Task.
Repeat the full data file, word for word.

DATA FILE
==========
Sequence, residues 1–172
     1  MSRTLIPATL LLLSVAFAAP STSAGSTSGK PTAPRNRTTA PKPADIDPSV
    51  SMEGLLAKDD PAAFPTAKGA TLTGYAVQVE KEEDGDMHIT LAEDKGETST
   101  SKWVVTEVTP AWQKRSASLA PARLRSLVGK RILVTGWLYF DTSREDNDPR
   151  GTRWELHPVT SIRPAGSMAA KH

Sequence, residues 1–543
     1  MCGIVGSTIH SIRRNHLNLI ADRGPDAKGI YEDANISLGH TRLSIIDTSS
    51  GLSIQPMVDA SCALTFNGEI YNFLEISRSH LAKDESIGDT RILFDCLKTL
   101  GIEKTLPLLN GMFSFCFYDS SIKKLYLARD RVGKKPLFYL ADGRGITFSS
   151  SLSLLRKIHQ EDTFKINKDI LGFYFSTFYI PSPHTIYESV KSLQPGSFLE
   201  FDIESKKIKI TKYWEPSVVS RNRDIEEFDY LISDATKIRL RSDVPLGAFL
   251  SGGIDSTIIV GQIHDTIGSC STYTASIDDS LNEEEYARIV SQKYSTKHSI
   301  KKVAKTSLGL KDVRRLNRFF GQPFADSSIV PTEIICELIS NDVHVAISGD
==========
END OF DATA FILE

Sequence, residues 1–172
     1  MSRTLIPATL LLLSVAFAAP STSAGSTSGK PTAPRNRTTA PKPADIDPSV
    51  SMEGLLAKDD PAAFPTAKGA TLTGYAVQVE KEEDGDMHIT LAEDKGETST
   101  SKWVVTEVTP AWQKRSASLA PARLRSLVGK RILVTGWLYF DTSREDNDPR
   151  GTRWELHPVT SIRPAGSMAA KH

Sequence, residues 1–543
     1  MCGIVGSTIH SIRRNHLNLI ADRGPDAKGI YEDANISLGH TRLSIIDTSS
    51  GLSIQPMVDA SCALTFNGEI YNFLEISRSH LAKDESIGDT RILFDCLKTL
   101  GIEKTLPLLN GMFSFCFYDS SIKKLYLARD RVGKKPLFYL ADGRGITFSS
   151  SLSLLRKIHQ EDTFKINKDI LGFYFSTFYI PSPHTIYESV KSLQPGSFLE
   201  FDIESKKIKI TKYWEPSVVS RNRDIEEFDY LISDATKIRL RSDVPLGAFL
   251  SGGIDSTIIV GQIHDTIGSC STYTASIDDS LNEEEYARIV SQKYSTKHSI
   301  KKVAKTSLGL KDVRRLNRFF GQPFADSSIV PTEIICELIS NDVHVAISGD